Climate Council: Global Warming Now Causes MORE Rainfall

Guest essay by Eric Worrall

Tim Flannery, who founded the Climate Council in 2013, once predicted “the rain that falls isn’t actually going to fill our dams”.

Global warming heats up Australia’s cool La Nina weather cycle

By Mike Foley
January 6, 2022 — 5.52pm

Despite the La Nina weather pattern and other climate drivers bringing rain and the coolest temperatures for the past decade, the heating trend under climate change continued during the past year.

The Bureau of Meteorology’s Annual Climate Statement, released on Thursday, said 2021 was the wettest year since 2016 while last November was the wettest on record. Parched rivers and dams welcomed the rain that has rolled across much of Australia in the past two years, after three years of intense drought from 2017 to 2019.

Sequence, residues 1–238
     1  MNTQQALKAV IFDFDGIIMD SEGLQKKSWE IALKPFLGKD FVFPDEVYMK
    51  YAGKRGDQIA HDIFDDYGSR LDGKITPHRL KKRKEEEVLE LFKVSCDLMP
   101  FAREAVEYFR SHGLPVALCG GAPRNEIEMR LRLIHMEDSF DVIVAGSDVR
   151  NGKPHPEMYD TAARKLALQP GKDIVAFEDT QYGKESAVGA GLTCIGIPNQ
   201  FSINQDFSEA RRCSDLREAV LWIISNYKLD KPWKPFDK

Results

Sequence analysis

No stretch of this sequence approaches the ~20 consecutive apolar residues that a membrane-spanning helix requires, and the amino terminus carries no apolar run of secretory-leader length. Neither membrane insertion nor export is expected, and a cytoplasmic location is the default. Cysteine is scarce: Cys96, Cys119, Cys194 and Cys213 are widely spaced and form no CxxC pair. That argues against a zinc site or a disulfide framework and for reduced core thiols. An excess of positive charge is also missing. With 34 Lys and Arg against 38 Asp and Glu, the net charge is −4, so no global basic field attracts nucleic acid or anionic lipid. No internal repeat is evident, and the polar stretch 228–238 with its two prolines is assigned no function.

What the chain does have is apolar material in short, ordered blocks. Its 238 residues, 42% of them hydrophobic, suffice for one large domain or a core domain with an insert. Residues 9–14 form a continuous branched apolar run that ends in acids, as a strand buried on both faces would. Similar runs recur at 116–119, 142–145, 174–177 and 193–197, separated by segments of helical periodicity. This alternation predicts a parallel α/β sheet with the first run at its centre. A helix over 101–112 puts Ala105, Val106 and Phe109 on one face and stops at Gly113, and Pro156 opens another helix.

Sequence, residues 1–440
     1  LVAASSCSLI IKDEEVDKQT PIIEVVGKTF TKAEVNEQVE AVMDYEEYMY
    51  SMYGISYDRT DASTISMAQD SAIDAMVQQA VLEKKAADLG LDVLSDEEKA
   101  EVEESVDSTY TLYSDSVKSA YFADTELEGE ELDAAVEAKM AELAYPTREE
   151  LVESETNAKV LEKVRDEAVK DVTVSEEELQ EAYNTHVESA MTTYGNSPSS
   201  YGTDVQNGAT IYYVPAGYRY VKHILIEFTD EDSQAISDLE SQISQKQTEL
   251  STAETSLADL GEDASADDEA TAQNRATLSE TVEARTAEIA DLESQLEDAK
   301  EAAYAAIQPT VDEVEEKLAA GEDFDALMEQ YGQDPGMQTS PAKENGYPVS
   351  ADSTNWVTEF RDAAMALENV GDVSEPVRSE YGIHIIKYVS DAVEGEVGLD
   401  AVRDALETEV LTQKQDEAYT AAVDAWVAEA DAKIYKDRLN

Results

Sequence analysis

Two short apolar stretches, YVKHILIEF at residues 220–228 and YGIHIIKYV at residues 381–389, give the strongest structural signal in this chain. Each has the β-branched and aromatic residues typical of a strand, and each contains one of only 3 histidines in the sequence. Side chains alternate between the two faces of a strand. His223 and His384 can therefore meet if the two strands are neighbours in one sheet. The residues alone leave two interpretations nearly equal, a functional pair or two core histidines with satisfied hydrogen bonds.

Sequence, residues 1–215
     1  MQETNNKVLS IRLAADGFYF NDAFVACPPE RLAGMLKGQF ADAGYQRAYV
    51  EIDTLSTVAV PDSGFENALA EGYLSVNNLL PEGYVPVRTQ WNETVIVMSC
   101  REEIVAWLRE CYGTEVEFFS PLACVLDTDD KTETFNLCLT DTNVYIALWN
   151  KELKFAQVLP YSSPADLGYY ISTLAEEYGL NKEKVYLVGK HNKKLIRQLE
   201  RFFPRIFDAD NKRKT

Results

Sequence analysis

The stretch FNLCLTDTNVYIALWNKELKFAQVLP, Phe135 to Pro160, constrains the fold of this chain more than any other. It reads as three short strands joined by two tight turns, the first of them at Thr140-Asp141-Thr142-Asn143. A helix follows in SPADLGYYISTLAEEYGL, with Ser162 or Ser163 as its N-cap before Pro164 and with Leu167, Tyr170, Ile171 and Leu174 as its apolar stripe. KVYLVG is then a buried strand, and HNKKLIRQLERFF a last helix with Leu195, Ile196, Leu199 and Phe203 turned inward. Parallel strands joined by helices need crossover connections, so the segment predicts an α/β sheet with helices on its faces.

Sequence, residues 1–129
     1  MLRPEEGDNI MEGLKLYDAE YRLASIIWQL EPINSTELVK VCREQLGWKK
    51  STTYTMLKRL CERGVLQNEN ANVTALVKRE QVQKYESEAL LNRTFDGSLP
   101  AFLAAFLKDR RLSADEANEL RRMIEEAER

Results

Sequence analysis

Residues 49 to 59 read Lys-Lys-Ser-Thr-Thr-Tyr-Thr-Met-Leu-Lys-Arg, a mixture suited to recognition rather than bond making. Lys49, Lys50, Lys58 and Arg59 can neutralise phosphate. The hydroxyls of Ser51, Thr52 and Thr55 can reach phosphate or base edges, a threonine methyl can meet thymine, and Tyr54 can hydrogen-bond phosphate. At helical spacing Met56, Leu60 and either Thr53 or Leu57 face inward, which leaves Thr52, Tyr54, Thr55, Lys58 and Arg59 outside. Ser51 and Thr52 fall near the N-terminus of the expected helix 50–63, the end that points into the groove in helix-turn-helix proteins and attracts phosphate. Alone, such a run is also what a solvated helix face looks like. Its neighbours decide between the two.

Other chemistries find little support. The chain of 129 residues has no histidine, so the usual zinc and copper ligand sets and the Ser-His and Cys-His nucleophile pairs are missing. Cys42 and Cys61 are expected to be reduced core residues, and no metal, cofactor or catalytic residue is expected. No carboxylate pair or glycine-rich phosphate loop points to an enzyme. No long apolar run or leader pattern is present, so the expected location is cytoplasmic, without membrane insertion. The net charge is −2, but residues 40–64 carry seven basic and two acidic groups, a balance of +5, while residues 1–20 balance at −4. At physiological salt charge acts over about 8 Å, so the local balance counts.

But such is the underlying influence of global warming that despite two consecutive years of cooling La Nina weather patterns, 2021 had 9 per cent above-average rainfall and was also the 19th hottest year since records began in 1910.

Climate Council’s director of research Martin Rice said the current level of warming was spurring higher rates of natural disasters.

In a more energetic climate we are experiencing Black Summer fires, more powerful storms, intense rainfall and major flooding, storm surges riding on higher seas, and unprecedented coral bleaching,” Dr Rice said.

Read more:

The following is Flannery’s rain won’t fill our dams prediction, from the transcript of his ABC Australia interview in 2006;

SALLY SARA: What will it mean for Australian farmers if the predictions of climate change are correct and little is done to stop it? What will that mean for a farmer?